Chestnut Hill resident Noah Raven, whose last name already suggests a proclivity to help preserve wildlife, has started an initiative to save monarch butterflies.
Chestnut Hill resident Noah Raven, whose last name already suggests a proclivity to help preserve wildlife, has started an initiative to save monarch butterflies. What is perhaps most remarkable about the efforts of Noah is that he is just 11 years old.
Noah has started a new organization, Monarch Defenders, and launched a website to go with it, encouraging young people across the country to help save the beautiful and fragile creatures. Monarch butterflies, which are readily identifiable by their two pairs of brilliant orange, black-veined wings with white spots towards the edges, are threatened with extinction due to climate change, pollution and habitat destruction.
Here’s how it works: people of any age, and from any place in the country, can become “Monarch Defenders” by planting micro-habitats of milkweed and pollinator plants. They will then be listed on an interactive map on Noah's website, which also provides information about the butterflies and other actions to help preserve them.
Noah, who is homeschooled by his father, Francis Raven, said he got the idea on a family trip to Mexico.
“We went to the Piedra Herrada reserve to see the monarch wintering site. It was so amazing; the trees were weighed down with millions of roosting monarchs,” he said. “Driving up to the reserve, there were butterflies flying all around us, streaming down past the road to a water source.”
He and his family did some research, and learned that the eastern population of monarchs has fallen by 80 percent. According to the World Wildlife Fund, the western population of Monarchs will collapse within 50 years without emergency intervention.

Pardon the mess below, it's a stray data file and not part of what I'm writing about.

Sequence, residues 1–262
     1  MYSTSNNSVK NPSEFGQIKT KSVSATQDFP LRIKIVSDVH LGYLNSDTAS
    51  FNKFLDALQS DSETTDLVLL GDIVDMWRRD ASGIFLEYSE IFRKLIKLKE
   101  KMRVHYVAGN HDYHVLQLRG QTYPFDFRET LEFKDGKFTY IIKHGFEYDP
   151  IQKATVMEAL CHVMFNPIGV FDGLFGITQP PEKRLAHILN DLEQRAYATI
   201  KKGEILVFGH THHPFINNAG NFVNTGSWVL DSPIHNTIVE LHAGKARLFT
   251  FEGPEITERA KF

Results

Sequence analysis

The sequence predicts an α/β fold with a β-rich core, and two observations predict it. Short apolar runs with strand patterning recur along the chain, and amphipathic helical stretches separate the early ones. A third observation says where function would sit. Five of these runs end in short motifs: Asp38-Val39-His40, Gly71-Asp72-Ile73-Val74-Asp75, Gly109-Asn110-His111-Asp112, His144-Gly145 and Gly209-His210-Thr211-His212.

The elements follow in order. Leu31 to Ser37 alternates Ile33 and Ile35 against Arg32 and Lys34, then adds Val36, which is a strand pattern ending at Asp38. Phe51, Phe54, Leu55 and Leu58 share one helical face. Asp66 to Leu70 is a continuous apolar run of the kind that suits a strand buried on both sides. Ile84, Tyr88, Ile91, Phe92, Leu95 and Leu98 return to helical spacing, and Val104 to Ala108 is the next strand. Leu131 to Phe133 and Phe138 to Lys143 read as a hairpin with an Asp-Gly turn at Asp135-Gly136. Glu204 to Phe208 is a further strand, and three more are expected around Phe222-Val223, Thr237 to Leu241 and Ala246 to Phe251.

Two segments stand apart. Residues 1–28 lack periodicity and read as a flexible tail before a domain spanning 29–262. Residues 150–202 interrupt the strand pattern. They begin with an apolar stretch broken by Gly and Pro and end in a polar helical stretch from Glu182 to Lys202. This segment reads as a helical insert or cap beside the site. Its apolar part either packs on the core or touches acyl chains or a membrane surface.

“I desperately wanted to help them,” Noah said. “My mom and I were talking about what we could do to help and got the idea of a youth group.”
Noah, who just completed sixth grade, said he thinks it's important for kids his age to get active.
“There are lots of really big problems right now, including the loss of biodiversity, climate change, massive inequality and horrific school shootings,” he said. “It can be really scary and hard for kids my age to know what to do. I think that kids and teens need to be more involved in activism because our generation is going to bear the costs of these changes.”
Each fall, Monarch butterflies set out on an astonishing 3,000-mile or more journey from southern Canada to their wintering sites in the mountain forests of Mexico. This is one of the world’s longest insect migrations.
According to the World Wildlife Fund, “Without emergency help, it is almost certain that the western population of monarchs will collapse within 50 years.”
Noah’s interest in nature is not new.
When his mother, Carolyn Kousky, found out about an educational garden at the Highland train station, they volunteered to help since Noah was learning about native plants and pollinators at the time. He helped put mushroom plugs in the garden while his father helped plant trees.
He’s since convinced his extended network of family and friends to help out the monarchs.
“My friends have also planted milkweed and are helping me in the effort,” Noah said. “A few friends and I have an environmental group that meets once a month. Also, my family is helping. For instance, all of my grandparents have been really supportive.”
Noah taught himself how to use Squarespace, an online website building tool, in order to build his site.
Although he is young, Noah is already thinking about a college major and a career.
“I am really interested in Indigenous rights and Native American cultures,” he said. “I love archeology. I am also very interested in ecology and how different ecosystems work. I have been learning about how Indigenous cultures take better care of the earth ... I am very passionate about environmental activism and animal rights and I am a vegetarian. When I’m older, I really want to be a National Geographic explorer.”
For fun, Noah likes to play soccer with his best friend and swim with his dad and brother. But he admits that he is “not that into sports and am not that good at them.”
He also has a brother, Nate, who is 7.
“We are very close,” Noah said, “We have developed a fantasy world together that we play and write about.”
For more information, @monarchdefenders or monarchdefenders.org. Len Lear can be reached at email@example.com